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North Huntingdon officials meet to encourage commercial development

Courtesy of the Rivers of the Steel National Heritage Area
This is a view of the remaining Carrie blast furnaces from the ore yard. The blast-furnace complex is located in both Rankin and Swissvale and was part of the U.S. Steel Homestead Works. It is managed by Rivers of Steel National Heritage Area.

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Wednesday, April 17, 2013, 9:00 p.m.
 

North Huntingdon officials hope to take a proactive approach to encouraging commercial development throughout the township.

The township commissioners and planning commission met for a third time last week to discuss their priorities for development throughout the township. The two boards hope to attract more restaurants, technology companies and research-based businesses, light manufacturing, office parks and corporate offices.

“Those types of businesses would be best in our township,” Commissioner Zachary Haigis said. “But it's hard to reach out to people to invest money, and find locations.”

Planning commission President William Chapman said officials should develop an inventory of the township's available properties, which should include photos and information on tax rates, lot sizes and sale prices.

The inventory would help township officials present information to developers so they could quickly find a parcel to meet their needs, Chapman said.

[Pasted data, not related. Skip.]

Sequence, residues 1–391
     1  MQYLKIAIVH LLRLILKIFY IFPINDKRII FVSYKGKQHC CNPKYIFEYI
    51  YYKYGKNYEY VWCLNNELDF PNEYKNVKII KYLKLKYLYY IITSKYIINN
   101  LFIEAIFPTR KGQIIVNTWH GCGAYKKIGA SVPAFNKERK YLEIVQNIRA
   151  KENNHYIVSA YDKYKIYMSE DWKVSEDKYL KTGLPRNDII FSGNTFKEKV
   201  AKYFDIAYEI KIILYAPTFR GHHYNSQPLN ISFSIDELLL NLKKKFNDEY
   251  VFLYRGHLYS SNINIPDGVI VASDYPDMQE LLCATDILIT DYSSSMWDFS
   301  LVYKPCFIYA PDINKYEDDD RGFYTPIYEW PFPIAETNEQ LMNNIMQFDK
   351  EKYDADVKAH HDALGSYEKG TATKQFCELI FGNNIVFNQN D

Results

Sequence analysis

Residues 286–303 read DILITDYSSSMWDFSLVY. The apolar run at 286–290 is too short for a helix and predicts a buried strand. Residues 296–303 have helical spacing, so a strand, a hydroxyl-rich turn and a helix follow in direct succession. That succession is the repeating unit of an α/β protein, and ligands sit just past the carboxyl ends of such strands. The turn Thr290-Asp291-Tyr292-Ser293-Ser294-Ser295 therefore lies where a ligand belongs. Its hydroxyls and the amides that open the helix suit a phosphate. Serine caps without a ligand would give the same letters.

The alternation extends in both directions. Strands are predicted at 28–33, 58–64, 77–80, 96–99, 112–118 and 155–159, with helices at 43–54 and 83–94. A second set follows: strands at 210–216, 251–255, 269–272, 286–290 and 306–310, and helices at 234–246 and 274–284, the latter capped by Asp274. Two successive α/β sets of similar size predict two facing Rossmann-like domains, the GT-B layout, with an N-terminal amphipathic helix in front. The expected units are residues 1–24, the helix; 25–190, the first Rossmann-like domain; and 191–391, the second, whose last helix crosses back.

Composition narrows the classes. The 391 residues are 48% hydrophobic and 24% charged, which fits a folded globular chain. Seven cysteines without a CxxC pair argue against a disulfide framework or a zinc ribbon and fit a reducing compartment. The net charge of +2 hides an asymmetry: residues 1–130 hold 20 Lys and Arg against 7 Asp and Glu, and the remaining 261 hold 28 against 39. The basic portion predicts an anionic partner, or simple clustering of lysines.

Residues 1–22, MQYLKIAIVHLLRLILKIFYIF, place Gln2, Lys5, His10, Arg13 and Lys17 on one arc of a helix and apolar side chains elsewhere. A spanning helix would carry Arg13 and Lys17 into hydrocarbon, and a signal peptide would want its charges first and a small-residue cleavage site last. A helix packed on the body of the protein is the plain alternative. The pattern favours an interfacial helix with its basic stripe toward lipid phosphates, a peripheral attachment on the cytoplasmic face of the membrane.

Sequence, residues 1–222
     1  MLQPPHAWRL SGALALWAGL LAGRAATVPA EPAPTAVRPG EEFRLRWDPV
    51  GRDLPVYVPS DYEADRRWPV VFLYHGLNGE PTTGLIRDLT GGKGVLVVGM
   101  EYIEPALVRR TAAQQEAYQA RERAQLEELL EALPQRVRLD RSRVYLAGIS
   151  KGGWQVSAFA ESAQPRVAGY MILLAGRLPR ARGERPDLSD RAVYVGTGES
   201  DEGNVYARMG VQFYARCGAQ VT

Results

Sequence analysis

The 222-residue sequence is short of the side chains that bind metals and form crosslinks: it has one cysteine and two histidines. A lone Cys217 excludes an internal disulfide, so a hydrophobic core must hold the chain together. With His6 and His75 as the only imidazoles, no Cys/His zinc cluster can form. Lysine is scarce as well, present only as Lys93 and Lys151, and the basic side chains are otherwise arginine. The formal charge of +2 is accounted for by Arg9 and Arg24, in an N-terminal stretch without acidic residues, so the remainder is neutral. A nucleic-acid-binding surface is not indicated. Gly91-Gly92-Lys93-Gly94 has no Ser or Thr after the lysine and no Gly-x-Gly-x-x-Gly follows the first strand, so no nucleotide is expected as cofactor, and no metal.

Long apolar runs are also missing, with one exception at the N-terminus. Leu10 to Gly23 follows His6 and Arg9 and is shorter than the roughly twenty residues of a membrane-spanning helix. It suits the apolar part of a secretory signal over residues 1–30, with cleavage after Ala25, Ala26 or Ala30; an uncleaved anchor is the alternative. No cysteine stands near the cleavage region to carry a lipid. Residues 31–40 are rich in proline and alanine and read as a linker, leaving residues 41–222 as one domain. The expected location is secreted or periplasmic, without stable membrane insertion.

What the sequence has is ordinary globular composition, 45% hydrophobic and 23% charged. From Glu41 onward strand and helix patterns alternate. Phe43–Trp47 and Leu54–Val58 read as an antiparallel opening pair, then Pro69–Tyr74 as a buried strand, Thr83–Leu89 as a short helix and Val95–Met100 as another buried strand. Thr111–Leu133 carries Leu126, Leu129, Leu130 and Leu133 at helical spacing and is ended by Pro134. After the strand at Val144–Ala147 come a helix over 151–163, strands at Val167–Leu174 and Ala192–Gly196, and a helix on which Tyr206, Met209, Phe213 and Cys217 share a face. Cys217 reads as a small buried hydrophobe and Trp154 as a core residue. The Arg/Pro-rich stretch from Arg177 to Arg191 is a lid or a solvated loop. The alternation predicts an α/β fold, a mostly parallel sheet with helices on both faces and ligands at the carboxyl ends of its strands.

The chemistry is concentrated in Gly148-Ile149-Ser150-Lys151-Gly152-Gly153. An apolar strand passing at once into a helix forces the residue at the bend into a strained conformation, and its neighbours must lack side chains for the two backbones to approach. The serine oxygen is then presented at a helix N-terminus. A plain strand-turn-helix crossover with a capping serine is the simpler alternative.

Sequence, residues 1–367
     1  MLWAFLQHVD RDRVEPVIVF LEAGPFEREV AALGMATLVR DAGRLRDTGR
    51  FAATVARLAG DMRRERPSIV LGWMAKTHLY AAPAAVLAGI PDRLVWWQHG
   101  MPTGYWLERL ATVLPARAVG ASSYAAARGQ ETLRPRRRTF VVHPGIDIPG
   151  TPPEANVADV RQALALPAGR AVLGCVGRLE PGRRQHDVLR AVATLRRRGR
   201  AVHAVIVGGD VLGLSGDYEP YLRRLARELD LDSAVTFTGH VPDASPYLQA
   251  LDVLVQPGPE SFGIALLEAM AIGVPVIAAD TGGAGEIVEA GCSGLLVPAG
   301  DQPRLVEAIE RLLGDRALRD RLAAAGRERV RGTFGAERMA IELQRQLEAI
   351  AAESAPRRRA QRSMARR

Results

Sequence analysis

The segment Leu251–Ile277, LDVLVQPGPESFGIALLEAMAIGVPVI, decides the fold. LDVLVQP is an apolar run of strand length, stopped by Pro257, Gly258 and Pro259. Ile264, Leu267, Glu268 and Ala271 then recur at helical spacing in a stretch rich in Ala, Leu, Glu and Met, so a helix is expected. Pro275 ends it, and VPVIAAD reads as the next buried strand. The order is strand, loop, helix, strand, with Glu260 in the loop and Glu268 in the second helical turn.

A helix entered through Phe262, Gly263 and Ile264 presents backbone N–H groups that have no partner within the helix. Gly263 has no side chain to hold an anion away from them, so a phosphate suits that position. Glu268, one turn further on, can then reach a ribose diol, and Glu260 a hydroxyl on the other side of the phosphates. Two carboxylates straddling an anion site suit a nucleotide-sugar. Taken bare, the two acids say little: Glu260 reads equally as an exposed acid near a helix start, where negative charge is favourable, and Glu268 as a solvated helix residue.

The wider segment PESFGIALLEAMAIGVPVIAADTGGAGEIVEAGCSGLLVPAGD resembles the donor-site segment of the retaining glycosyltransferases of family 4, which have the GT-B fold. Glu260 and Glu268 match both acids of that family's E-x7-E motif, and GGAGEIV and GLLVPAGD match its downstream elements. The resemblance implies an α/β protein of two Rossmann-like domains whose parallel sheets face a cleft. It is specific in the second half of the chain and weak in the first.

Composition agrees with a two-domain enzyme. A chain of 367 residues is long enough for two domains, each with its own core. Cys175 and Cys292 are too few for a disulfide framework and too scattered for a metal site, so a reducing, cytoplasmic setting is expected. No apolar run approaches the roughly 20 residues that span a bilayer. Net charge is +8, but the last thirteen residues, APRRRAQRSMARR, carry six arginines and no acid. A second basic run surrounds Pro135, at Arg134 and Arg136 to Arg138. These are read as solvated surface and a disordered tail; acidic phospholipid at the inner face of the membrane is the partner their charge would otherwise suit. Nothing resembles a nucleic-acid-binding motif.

“We have a lot of residential properties, but now, we need the businesses to go along with it,” Chapman said. “Business adds no more kids to the school district but still brings in a lot of tax money.”

Along with more business, planning commission member Bernard Solomon suggested the township put recreation development on the forefront.

“We have limited recreational facilities in this township,” Solomon said. “We need to get involved and get somebody who can go out and look for grants for recreational facilities.

“There's no reason we couldn't put in a par-three golf course, dek hockey, batting cages or things of that nature.”

Blenko said he and the planning commission often hear complaints about the township's lack of recreation. While the township's residential development grew, officials did not add many recreational options, he added.

He described recreation as an amenity for township residents.

“There's a lot of things to be proud about with all the township has to offer. Maybe we just need to market it all a little bit,” Blenko said.

Township manager John Shepherd said officials plan to continue brainstorming ways to attract business opportunities and market the township over the next two months.

The commissioners and planning commission plan to meet again at 6 p.m. June 13 at the North Huntingdon Town House.

Brad Pedersen is a staff writer for Trib Total Media. He can be reached at 412-856-7400, ext. 8626, or bpedersen@tribweb.com.

 

 

 
 


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